For years, those who fly in and out of Cherry Capital Airport have been complaining about high air fares. Even the chamber of commerce has raised a ruckus on behalf of its member businesses, which often pay sky-high rates when they need to get to a distant business opportunity in a hurry.
One of the reasons for high fares, according to the various airlines that have flown in and out of Cherry Capital over the years, is that it has always been hard for them to fly larger jets - which can carry more passengers and thus reduce per-seat costs - in and out of Traverse City.
Often (particularly in the colder months) there aren’t enough bodies to justify using a bigger jet or, when there are - such as in the busy summer months - the airport’s relatively short main runway isn’t big enough to allow fully-loaded planes to get airborne.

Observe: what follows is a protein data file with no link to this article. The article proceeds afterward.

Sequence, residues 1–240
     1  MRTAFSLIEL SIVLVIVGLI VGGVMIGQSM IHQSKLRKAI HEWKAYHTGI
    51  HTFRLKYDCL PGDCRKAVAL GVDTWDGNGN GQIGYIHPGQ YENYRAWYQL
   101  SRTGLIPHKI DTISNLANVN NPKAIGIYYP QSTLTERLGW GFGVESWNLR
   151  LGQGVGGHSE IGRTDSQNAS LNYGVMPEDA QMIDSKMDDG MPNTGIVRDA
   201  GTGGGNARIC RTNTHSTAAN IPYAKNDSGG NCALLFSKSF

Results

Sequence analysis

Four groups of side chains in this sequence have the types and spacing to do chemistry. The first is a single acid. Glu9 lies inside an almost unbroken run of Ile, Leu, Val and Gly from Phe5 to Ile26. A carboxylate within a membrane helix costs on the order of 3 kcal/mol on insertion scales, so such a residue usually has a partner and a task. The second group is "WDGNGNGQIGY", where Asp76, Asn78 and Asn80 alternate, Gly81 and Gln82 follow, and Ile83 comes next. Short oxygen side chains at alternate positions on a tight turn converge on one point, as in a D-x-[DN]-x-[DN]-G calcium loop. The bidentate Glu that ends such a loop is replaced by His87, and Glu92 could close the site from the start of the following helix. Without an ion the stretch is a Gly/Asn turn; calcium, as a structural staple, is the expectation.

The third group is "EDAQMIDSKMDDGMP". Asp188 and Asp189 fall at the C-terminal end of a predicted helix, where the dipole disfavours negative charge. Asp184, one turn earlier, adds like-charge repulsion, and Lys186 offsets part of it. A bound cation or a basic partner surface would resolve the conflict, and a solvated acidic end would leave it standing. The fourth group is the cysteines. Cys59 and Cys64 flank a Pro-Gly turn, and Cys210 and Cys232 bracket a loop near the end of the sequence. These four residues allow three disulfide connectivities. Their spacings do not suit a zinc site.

Oddly, given our often-harsh winters here, it’s summer - just when airlines can usually fill all the seats they can get and want to carry full passenger loads - that is the problem. The warmer, lighter air of summer provides less lift for the jets so they need more runway, and airlines currently compensate by carrying up to 14 fewer passengers.
That may not sound like a lot on a jet with more than 100 seats, but at $350 or $400 a passenger, giving up 14 tickets per flight can quickly add up to significant lost revenue.
What has made the problem more difficult is that the airport, which was established just a few miles out of town at a time when giant jetliners were just a dream, is essentially landlocked, making an extension difficult. Wetlands to the east make stretching out there untenable; plans to go west have always run, literlly, into Garfied Road, the major north-south artery on the east side of town.